Of course, even as Canadian border patrols front an appearance of cheer, interest in what you’re going to do in their homeland and the occasional conversation on a light crossing day, you still have to declare what you’re bringing into the land of the Maple Leaf and they will scrutinize it. And while guns used for recreation are an accepted part of society, you still have to explain their presence from alpha to omega — especially with four adults and two kids who aren’t exactly the kind to be decked out in camo gear.
The actual incident was told to us second-hand once he got back to the car after what seemed to be an unnecessary eternity, with ticket in hand he could use to reclaim his thundersticks, said with a flippant “Oh, I told them we were here to reclaim the Stanley Cup, that’s all.”
You could see the blood drain from my mother’s face as she decided whether or not to ditch him right there at the side of the road and continue on with the rest of us who had better sense.
Apparently, the first part of the explanation went well, the “why are the guns in the trunk,” but the offhand joke about what their purpose served…that went over like a lead balloon. Once the admission was made at the first booth we drove up to, Bob Sr. had to be taken to a different area, guns in tow, to have them essentially impounded at Customs, under guard of a senior official. That bit of brilliance pushed the wait from 10 minutes to more than a half hour, as these unsuspecting Canadians tried to figure out what was up with this ugly American — a Flyers fan no less — with a terrible sense of humor and timing.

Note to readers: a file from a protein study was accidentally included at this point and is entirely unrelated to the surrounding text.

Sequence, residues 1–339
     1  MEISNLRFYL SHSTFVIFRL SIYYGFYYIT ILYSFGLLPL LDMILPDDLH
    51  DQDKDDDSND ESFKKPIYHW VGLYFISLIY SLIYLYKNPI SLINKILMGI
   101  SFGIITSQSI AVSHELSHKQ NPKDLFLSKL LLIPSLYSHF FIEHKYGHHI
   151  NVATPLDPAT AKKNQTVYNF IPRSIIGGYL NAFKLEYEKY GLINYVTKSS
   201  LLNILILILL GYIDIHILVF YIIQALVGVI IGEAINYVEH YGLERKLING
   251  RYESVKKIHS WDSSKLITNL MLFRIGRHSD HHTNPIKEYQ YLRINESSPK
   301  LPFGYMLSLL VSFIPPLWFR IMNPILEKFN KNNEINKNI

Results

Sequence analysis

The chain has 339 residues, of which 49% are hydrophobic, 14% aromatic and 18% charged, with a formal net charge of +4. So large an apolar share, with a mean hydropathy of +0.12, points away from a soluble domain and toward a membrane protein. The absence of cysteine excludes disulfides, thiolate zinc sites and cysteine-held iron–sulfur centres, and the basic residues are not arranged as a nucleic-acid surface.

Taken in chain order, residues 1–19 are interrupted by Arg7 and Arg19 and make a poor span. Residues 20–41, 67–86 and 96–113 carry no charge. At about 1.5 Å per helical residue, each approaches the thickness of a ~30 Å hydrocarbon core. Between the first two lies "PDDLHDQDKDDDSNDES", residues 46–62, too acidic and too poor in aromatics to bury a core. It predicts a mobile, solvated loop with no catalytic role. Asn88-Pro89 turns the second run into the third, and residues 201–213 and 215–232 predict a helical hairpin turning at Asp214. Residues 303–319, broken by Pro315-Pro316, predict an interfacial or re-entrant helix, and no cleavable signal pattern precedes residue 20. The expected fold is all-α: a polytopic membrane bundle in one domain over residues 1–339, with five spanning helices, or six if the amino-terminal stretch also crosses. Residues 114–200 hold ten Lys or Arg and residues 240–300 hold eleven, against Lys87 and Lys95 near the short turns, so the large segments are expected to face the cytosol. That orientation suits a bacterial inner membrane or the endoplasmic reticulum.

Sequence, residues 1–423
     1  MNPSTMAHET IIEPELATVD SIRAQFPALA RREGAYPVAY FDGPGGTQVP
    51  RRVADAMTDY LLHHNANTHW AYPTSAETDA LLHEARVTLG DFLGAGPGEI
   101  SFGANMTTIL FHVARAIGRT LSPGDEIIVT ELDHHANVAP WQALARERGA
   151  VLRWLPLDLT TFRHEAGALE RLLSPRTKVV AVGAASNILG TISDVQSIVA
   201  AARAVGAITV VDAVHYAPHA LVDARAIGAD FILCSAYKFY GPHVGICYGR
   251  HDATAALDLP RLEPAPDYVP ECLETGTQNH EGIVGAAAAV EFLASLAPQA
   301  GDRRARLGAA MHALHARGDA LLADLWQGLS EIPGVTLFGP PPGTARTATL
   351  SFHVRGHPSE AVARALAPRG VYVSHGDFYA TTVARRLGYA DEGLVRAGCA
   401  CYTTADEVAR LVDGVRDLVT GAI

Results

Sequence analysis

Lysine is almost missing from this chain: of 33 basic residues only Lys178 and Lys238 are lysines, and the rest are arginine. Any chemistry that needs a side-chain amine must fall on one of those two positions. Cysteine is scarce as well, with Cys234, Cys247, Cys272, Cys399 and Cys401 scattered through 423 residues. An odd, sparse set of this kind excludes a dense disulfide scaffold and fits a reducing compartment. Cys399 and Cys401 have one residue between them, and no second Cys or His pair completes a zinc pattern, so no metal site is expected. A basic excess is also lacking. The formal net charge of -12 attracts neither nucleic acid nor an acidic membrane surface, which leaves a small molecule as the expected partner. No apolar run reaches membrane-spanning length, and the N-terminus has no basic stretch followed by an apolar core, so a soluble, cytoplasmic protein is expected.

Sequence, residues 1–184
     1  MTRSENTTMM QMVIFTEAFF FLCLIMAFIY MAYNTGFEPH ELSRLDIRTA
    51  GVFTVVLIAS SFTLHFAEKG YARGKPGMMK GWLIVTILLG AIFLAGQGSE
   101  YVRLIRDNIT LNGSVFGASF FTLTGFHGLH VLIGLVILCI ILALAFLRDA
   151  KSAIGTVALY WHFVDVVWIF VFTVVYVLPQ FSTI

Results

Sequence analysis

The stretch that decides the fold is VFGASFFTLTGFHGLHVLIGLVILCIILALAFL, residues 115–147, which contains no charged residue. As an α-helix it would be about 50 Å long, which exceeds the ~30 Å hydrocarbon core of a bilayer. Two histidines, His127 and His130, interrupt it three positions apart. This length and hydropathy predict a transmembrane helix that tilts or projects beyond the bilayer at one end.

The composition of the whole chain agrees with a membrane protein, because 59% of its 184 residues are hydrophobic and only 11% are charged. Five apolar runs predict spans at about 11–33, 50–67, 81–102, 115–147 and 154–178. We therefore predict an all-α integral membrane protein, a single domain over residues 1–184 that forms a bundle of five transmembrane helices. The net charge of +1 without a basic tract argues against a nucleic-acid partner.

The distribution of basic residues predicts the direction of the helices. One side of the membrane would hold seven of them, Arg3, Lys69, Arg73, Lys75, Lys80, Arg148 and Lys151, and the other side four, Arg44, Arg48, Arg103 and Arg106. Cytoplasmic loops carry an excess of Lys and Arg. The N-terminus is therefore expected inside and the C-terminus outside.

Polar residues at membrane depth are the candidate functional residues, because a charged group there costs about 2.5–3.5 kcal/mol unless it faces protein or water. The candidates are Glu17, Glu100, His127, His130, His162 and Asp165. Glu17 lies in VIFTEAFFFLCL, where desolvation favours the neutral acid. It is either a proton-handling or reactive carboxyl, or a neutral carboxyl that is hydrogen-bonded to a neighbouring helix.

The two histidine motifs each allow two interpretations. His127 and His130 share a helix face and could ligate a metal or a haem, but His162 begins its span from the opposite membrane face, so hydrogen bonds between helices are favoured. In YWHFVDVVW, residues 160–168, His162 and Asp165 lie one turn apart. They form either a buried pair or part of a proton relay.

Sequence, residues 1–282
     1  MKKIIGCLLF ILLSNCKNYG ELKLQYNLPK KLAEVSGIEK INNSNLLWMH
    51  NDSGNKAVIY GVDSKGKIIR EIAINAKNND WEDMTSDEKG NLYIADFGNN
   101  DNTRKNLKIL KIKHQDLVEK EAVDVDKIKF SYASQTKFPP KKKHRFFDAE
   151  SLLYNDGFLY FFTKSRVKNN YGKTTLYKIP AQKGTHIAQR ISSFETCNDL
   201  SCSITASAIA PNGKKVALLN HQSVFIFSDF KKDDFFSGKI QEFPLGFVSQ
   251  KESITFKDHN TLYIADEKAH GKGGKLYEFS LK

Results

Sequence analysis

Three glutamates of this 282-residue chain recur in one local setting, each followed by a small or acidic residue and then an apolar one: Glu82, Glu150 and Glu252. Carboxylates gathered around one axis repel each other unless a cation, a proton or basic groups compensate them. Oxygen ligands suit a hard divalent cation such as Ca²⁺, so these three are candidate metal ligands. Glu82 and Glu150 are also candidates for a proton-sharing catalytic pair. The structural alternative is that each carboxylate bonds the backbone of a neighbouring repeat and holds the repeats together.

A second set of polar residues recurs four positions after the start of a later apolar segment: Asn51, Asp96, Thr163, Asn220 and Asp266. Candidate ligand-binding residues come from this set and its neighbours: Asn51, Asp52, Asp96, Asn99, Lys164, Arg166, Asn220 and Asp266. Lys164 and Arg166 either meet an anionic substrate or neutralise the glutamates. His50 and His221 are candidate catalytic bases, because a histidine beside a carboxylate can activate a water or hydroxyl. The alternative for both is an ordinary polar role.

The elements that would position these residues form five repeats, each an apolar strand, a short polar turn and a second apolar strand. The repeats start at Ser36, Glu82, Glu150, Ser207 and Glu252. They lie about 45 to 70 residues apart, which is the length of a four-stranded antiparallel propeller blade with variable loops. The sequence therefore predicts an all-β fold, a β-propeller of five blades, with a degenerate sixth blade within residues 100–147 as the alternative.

Never mind that the Cup which could be gotten with a plan less involved that your typical Mission: Impossible plot actually resided in Montreal, because the Canadiens won the last of their 24 Cups roughly five weeks prior.
Anyway, Toronto was nice. And clean. And the people were very helpful.
But there was a flat and eerie quality to it, like Pod Planet with no right turns downtown. Looking back, we could have taken down portions of the city, with the aid of a certain portion of disgruntled citizenry, using just those two rifles. Just kidding.
The Hockey Hall of Fame is an absolute jewel. Everyone needs to go at least once in their lives. We never got close to the room where the REAL Cup was stashed.
When I traveled alone on vacation eight years later, I successfully made it through Customs, at the same place, without incident, though I was dying to tell the officer at the end of my travel-plan spiel “and I don’t even have two guns in the trunk to help me try and reclaim the Stanley Cup like last time I was here.”